Sunday, June 22, 2014

Speaking of Yiddish, U.S. District Court in New York Needs Translators 

The buildup to the mistrial in New York state Sen. Malcolm Smith's bribery case wasn't just courtroom drama. It became a whole megillah.

U.S. District Judge Kenneth Karas had ordered prosecutors to turn over 93 hours of a cooperating government witness's telephone conversations to defense attorneys because the recordings might help the defense. But complicating matters, 20% of those conversations were in Yiddish.

Though the New York region is home to more than 75% of the nation's 159,000 Yiddish speakers, according to U.S. Census data, the U.S. District Court for the Southern District of New York has but a single interpreter on call.

That is down from five in 2009, according to Edward Friedland, the district executive for the court, which handles Manhattan, the Bronx and several counties north.

After the judge's order, prosecutors scrambled to assemble a full team of Yiddish translators over the June 15-16 weekend to create transcripts of the calls for defense attorneys. The mistrial came last week.

Usually, there isn't much day-to-day demand in the federal courts for Yiddish speakers, said Ruth Kohn, who is the Southern District's sole on-call speaker of the language.

The Southern District hasn't used a Yiddish interpreter in more than three years, according to court records.

"You cannot devote yourself only to Yiddish hoping you'll get a call," said Ms. Kohn, who also interprets for Hebrew and Polish.

This month, those calls started coming. Defense attorneys also sought out interpreters in Mr. Smith's case. The Yiddish interpreters working in New York's federal courts are contractors, not full-time employees, and typically do work for other agencies and clients.

Ms. Kohn was contacted by Mr. Smith's defense attorney, Gerald Shargel, as well as the U.S. attorney's office, the State Department's Office of Language Services and several private agencies, all seeking her services in the case. Mr. Shargel reached her first, so she is doing the work for him, she said.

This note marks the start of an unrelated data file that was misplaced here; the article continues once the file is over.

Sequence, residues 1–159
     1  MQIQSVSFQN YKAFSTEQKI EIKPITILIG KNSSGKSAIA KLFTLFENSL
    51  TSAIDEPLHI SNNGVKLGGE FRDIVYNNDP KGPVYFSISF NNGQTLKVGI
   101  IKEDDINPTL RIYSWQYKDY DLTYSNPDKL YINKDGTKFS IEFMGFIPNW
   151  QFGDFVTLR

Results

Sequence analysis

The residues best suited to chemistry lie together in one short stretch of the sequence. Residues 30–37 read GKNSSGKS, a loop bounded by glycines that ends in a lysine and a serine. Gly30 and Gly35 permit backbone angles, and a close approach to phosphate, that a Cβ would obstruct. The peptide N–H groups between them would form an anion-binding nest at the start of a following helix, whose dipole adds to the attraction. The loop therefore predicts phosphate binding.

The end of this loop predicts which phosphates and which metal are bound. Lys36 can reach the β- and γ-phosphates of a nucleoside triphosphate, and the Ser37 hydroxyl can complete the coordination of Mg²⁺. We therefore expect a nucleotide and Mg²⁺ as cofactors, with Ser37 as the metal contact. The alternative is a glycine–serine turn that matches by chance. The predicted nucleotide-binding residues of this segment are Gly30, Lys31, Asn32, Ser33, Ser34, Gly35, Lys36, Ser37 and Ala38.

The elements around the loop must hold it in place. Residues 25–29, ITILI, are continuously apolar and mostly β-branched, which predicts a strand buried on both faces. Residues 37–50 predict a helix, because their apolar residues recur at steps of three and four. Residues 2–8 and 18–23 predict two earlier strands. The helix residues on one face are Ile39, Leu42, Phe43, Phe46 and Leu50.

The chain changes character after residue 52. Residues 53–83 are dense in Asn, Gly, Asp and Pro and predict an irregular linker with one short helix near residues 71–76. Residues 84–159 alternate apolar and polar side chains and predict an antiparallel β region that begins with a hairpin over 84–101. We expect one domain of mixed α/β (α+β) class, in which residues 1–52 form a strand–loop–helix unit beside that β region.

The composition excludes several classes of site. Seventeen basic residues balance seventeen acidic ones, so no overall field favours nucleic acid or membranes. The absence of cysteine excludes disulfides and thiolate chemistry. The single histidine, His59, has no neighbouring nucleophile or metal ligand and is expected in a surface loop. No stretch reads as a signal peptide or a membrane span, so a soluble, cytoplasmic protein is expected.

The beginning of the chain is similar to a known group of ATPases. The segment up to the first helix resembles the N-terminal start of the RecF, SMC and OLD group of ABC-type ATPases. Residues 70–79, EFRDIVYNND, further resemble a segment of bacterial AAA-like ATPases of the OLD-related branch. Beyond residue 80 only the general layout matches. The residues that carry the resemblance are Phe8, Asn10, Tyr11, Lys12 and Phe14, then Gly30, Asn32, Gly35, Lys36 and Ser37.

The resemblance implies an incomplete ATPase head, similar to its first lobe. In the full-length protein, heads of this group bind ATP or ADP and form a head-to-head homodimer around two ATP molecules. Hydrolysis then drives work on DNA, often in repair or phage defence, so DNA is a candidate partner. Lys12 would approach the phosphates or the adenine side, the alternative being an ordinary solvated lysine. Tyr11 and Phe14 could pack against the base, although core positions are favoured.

"I'm not going to blithely accept what [prosecutors] give me," Mr. Shargel said. "I'm looking for clues along the way, and if there's anything that interests us even remotely, we'll have our own interpreter translate it."

Translator Rita Ratson said she was contacted by four interpreting agencies for the case. "I feel like a superstar," said Ms. Ratson, who is also the director of the Yiddish program at Gratz College in Pennsylvania.

The U.S. District Court for Brooklyn, Queens and Long Island is down to three on-call Yiddish interpreters after one died and another retired, according to Court Clerk Doug Palmer.

The New York State Unified Court System has one full-time interpreter who speaks Yiddish and Hebrew, and four on-call Yiddish interpreters. The court used a Yiddish translator 37 times in the first half of this year and 83 times in all of 2013, according to David Bookstaver, the system's director of communications.

Rockland County family court had the greatest need for the interpreters, he said, followed by Brooklyn family and supreme courts.

In Mr. Smith's case, "a number of translators we reached out to said the speech wasn't comprehensible to them," said Agata Baczyk, founder of Legal Interpreters LLC.

The recordings involve members of the ultra-Orthodox Satmar sect, a group that tends to speak a form of Yiddish often referred to as "Hasidic Yiddish." It is a speech pattern laced with religious references and Aramaic phrases, explained Prof. Joel Berkowitz, director of the Sam & Helen Stahl Center for Jewish Studies at the University of Wisconsin-Milwaukee.

An interpreter who was an Orthodox Jew might have had a better chance understanding the recordings, Mr. Berkowitz said. But the bulk of the translation happened over the weekend, and Orthodox Jews observe the Sabbath.

In Mr. Smith's case, defense attorneys said they needed weeks to analyze the transcripts of the recordings, and too many jurors said they couldn't serve through the delay in the trial. On June 17, the judge declared a mistrial. Mr. Smith, a Democrat, will have another trial beginning in January.


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